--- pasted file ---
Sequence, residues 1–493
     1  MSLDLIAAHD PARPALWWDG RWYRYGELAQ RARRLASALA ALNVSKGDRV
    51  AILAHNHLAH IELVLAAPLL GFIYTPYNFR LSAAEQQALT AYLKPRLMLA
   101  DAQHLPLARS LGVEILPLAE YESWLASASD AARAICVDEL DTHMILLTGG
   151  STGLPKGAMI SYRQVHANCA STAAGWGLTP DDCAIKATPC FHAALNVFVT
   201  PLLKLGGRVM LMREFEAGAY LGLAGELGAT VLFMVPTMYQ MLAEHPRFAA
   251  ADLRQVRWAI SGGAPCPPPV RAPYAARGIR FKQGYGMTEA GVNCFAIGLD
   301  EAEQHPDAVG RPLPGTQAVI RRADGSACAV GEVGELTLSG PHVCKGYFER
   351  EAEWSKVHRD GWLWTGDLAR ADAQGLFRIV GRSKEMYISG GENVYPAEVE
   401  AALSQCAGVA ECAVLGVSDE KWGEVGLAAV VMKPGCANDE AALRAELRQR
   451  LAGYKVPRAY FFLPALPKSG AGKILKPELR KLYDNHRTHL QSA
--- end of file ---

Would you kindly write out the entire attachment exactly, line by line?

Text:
Sequence, residues 1–493
     1  MSLDLIAAHD PARPALWWDG RWYRYGELAQ RARRLASALA ALNVSKGDRV
    51  AILAHNHLAH IELVLAAPLL GFIYTPYNFR LSAAEQQALT AYLKPRLMLA
   101  DAQHLPLARS LGVEILPLAE YESWLASASD AARAICVDEL DTHMILLTGG
   151  STGLPKGAMI SYRQVHANCA STAAGWGLTP DDCAIKATPC FHAALNVFVT
   201  PLLKLGGRVM LMREFEAGAY LGLAGELGAT VLFMVPTMYQ MLAEHPRFAA
   251  ADLRQVRWAI SGGAPCPPPV RAPYAARGIR FKQGYGMTEA GVNCFAIGLD
   301  EAEQHPDAVG RPLPGTQAVI RRADGSACAV GEVGELTLSG PHVCKGYFER
   351  EAEWSKVHRD GWLWTGDLAR ADAQGLFRIV GRSKEMYISG GENVYPAEVE
   401  AALSQCAGVA ECAVLGVSDE KWGEVGLAAV VMKPGCANDE AALRAELRQR
   451  LAGYKVPRAY FFLPALPKSG AGKILKPELR KLYDNHRTHL QSA